Thursday


One of the most fascinating attributes of science is that it keeps challenging our understandings of the universe as new ideas and concepts are constantly being introduced either to refine already existing theories or to dismiss past knowledge and build new notions from scratch. While this variable nature of science is often what makes it what it is, it can also render it a killjoy to some people, especially when it comes to debunking imaginative alien theories.

This is exactly what NASA did to the alien megastructure theory, which explains the atypical dimming of Tabby's star as a consequence of a giant technological creation built by an advanced civilization to harvest the star's energy.

KIC 8462852 (a.k.a Boyajian's Star, or Tabby's Star) is a star in the constellation Cygnus that lies around 1,280 light-years from Earth. Since the discovery of Tabby's star' unusual dimming activity, its odd behavior has been the source of speculations, which ranged from plausible scientific explanations to wild theories like the well-known megastructure hypothesis. The star in question exhibits two types of weird behavior: a 20 percent dimming that lasts days, and a long-term but subtle slump in brightness. 

According to a new study that was published in The Astrophysical Journal, the long-term dimming is likely caused by an uneven dust ring orbiting the star. The findings, which were made possible thanks to NASA's Spitzer and Swift missions as well as the Belgian AstroLAB IRIS observatory, put a slap in the face of the idea of an advanced civilization building a swarm of giant solar panels that orbit Boyajian's star. Scientists observed that the dimming was more noticeable in the ultraviolet light emitted from the star than its infrared light. Larger objects (e.g., an alien megastructure) passing in front of the star would cause all wavelengths of light to dim uniformly, said the researchers.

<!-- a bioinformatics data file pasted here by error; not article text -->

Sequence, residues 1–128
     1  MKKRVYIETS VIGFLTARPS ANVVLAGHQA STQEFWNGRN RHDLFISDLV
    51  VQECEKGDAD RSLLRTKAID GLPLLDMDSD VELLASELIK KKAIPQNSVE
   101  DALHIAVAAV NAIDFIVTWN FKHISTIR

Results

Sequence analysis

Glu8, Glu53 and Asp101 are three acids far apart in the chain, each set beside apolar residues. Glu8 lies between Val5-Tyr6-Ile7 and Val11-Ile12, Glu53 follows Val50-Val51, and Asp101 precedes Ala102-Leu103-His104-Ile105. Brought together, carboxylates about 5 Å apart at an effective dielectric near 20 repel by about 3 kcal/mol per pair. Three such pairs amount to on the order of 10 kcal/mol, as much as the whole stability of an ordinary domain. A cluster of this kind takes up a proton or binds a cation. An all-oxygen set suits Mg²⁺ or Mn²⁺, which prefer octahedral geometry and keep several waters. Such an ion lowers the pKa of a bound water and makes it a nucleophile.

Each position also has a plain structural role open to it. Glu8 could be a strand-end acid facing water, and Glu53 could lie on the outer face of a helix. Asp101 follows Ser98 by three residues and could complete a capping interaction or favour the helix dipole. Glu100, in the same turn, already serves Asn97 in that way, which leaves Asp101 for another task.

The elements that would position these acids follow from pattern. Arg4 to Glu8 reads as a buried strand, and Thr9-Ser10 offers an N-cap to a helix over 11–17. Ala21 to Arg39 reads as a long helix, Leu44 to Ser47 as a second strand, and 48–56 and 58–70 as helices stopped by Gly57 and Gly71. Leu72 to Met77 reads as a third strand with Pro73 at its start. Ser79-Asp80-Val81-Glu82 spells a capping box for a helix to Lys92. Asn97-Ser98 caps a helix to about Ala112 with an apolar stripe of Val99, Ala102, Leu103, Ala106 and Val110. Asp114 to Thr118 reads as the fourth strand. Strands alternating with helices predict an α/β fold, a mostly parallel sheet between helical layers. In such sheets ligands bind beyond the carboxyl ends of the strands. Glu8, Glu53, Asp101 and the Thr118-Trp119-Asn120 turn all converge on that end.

The unusual light fluctuations were first formalized in a study that was published in 2016. The study's lead author was Tabetha Boyajian, hence the star's nickname. The discovery of  Boyajian's unusual activity was largely facilitated thanks to a project called Planet Hunters. It is an initiative that aims to empower citizen scientists by actively letting them participate in the search for exoplanets. Furthermore, contributions made by those citizen scientists, who analyzed data from NASA's Kepler telescope, played a crucial role in the discovery of Tabby's star' odd behavior.

While this study may have finally put the final nail in the alien megastructure coffin, it is worth noting that Tabby's star still hasn't revealed all its secrets as short-term 20 percent brightness slumps were not covered by this research. Maybe it is time for another alien megastructure theory?!
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